The Atlantic Crossing
La Vagabonde was purchased in 2013 in the small Italian town of Monopoli from 3 arguing Italian businessmen. She is a 43ft Beneteau Cyclades. I had been sailing for a total of 10 hours before that time having hoisted a main sail exactly twice.
After a myriad of really very embarrassing mistakes, a vertiginous learning curve and a solid 6 months aboard sailing pretty well every day it was decided that we should attempt an Atlantic crossing to the Caribbean. I had met the lovely Elayna in Greece (from Geraldton W.A.) and she was getting cold.
Aware that I still didn’t know all that I needed to attempt this crossing I hit the internet for hours on end and questioned every cruiser we met along the way. I had left it pretty late in the season apparently as we were still in Greece in November when most people were starting their crossing and I also found out that we were against the prevailing winds trying to get to Gibraltar to leave the med and that we’d best get our skates on. The Gibraltar Strait lived up to its reputation (40 knot winds, 4 knot currents and a shredded headsail) but thats an entirely different story.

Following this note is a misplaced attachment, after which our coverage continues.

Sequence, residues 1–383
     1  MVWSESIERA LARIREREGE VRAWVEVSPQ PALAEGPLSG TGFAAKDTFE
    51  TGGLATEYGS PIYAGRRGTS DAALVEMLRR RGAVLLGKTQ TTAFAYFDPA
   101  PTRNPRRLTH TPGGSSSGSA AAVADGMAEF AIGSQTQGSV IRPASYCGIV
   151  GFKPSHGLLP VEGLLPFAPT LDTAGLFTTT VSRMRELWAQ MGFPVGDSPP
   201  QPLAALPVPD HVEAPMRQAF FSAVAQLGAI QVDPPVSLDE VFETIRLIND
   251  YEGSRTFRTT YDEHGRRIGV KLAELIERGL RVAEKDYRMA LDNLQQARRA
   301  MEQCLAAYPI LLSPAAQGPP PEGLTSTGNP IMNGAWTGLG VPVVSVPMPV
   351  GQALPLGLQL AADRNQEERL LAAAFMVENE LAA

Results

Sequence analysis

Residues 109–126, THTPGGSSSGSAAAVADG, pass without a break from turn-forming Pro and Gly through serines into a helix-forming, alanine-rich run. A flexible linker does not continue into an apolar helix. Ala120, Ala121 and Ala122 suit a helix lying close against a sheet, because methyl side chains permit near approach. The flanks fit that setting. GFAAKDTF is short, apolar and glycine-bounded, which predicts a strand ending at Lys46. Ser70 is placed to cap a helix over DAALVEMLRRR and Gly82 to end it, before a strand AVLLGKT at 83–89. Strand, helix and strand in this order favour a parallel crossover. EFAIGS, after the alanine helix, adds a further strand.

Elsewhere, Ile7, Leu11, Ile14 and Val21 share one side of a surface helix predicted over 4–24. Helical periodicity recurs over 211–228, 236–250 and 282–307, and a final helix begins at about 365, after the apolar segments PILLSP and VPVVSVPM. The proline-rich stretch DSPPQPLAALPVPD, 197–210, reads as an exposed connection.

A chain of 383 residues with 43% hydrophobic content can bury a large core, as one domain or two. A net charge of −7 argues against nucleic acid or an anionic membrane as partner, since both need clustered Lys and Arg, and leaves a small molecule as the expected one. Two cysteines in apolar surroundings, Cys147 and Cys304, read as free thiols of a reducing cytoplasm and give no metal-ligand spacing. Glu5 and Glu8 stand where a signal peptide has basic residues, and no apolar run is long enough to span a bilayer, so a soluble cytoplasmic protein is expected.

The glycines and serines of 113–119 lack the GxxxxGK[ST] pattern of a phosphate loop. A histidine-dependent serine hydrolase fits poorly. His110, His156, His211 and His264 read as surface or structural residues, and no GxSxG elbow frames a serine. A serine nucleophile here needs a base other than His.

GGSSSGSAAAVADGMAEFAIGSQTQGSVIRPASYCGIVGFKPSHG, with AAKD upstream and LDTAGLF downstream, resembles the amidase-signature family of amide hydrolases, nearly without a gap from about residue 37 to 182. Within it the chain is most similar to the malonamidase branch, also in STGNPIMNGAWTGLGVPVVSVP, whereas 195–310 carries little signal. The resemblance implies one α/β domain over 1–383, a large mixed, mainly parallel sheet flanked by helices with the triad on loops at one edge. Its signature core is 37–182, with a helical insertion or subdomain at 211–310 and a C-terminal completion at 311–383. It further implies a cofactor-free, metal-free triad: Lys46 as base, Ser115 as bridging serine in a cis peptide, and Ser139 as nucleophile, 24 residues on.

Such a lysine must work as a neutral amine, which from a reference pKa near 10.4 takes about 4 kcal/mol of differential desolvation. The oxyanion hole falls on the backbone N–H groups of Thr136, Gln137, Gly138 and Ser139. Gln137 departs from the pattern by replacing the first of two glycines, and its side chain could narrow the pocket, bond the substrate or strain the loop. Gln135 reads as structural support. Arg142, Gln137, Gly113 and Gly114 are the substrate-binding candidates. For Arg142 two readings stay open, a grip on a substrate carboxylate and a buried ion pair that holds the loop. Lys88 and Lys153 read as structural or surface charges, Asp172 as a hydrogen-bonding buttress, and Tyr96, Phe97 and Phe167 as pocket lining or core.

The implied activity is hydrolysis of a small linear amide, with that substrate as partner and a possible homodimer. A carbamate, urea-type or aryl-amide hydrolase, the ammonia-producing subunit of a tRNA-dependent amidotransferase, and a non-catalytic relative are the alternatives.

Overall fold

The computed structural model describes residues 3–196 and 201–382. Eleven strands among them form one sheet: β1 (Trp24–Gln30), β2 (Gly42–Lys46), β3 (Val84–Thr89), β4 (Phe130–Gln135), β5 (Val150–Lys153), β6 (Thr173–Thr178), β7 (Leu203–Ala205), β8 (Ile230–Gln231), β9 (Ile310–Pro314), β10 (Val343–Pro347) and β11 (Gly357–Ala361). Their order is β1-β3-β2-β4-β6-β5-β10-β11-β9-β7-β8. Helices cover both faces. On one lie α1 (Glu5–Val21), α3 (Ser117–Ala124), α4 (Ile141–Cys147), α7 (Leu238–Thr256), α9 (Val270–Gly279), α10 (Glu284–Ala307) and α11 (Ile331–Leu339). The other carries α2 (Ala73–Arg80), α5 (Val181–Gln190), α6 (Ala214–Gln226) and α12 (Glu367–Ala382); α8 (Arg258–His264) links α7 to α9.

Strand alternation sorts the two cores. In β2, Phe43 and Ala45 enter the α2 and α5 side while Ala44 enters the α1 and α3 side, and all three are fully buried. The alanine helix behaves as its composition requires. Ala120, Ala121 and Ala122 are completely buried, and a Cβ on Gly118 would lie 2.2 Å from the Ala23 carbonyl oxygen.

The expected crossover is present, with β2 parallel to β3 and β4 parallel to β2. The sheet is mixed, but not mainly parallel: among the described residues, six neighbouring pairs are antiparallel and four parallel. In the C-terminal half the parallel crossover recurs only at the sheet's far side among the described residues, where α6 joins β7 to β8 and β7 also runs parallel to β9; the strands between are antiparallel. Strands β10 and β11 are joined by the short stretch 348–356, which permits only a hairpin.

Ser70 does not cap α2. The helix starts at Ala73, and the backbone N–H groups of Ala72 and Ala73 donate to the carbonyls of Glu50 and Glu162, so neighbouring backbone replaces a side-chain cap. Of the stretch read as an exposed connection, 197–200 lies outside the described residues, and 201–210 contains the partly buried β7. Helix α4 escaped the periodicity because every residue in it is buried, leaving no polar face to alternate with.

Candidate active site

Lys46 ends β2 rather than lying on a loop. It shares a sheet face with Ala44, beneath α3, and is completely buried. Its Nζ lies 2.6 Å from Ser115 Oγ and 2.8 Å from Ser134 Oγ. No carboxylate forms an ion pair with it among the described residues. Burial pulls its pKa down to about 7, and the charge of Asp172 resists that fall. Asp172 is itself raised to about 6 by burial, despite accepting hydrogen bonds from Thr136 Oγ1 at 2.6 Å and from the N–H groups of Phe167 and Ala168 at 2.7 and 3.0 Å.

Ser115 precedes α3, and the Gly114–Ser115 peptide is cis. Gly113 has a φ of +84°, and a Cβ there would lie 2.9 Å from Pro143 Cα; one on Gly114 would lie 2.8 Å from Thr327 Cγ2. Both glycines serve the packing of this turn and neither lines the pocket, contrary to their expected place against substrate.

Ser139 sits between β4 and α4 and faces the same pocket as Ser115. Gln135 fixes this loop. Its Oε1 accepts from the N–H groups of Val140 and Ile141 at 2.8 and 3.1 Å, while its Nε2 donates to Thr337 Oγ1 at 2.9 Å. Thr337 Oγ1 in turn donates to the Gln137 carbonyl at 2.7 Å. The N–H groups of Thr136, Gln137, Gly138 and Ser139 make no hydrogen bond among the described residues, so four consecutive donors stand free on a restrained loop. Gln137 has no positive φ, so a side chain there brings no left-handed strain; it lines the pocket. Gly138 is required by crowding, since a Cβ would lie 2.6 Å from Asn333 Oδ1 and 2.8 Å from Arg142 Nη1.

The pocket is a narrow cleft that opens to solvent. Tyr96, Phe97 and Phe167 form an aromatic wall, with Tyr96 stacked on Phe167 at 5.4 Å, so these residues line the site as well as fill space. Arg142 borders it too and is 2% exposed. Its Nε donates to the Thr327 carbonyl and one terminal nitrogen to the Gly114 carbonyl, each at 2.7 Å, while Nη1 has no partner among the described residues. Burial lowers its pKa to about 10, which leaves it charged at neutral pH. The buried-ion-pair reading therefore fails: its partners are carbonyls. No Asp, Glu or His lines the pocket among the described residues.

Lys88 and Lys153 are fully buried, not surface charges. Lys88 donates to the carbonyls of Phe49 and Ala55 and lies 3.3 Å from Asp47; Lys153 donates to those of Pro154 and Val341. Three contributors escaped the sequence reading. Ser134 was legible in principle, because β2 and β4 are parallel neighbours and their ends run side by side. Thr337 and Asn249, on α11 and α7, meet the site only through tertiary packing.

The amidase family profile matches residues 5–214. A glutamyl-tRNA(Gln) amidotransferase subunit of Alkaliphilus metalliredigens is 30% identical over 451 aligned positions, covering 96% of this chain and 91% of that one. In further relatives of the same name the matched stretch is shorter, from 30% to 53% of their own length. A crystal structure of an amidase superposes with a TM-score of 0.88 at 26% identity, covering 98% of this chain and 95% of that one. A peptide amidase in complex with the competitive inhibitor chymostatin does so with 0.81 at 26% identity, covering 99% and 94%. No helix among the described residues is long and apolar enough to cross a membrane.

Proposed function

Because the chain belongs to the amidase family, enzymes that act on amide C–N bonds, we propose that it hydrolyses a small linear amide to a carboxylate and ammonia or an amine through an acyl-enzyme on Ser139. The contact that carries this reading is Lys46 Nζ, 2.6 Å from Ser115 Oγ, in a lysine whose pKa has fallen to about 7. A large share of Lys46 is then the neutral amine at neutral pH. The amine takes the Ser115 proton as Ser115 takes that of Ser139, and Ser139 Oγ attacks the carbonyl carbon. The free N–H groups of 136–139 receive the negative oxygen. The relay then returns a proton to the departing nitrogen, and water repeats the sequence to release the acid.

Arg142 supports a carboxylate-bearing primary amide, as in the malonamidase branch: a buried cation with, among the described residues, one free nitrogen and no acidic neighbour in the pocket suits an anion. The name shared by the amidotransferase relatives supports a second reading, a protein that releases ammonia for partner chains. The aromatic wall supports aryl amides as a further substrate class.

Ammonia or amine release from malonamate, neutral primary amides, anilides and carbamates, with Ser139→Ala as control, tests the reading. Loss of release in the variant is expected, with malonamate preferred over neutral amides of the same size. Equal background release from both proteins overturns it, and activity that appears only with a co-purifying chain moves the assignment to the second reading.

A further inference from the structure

We left Gibraltar Jan 2 after some New Years celebrations and an almanac of advice from an Aussie we met in La Linea marina. He had studied the tides and weather patterns and knew a lot more than we did so we just followed him. We caught 2 tuna in the Strait whilst doing 7 knots in confused water and were really having the time of our lives. As we passed Tarrifa there were a few big container ships to dodge but we safely crossed the shipping channel. Our Aussie friends on a larger Bavaria slowly gained ground on us off the west coast of Africa, by nightfall they had disappeared.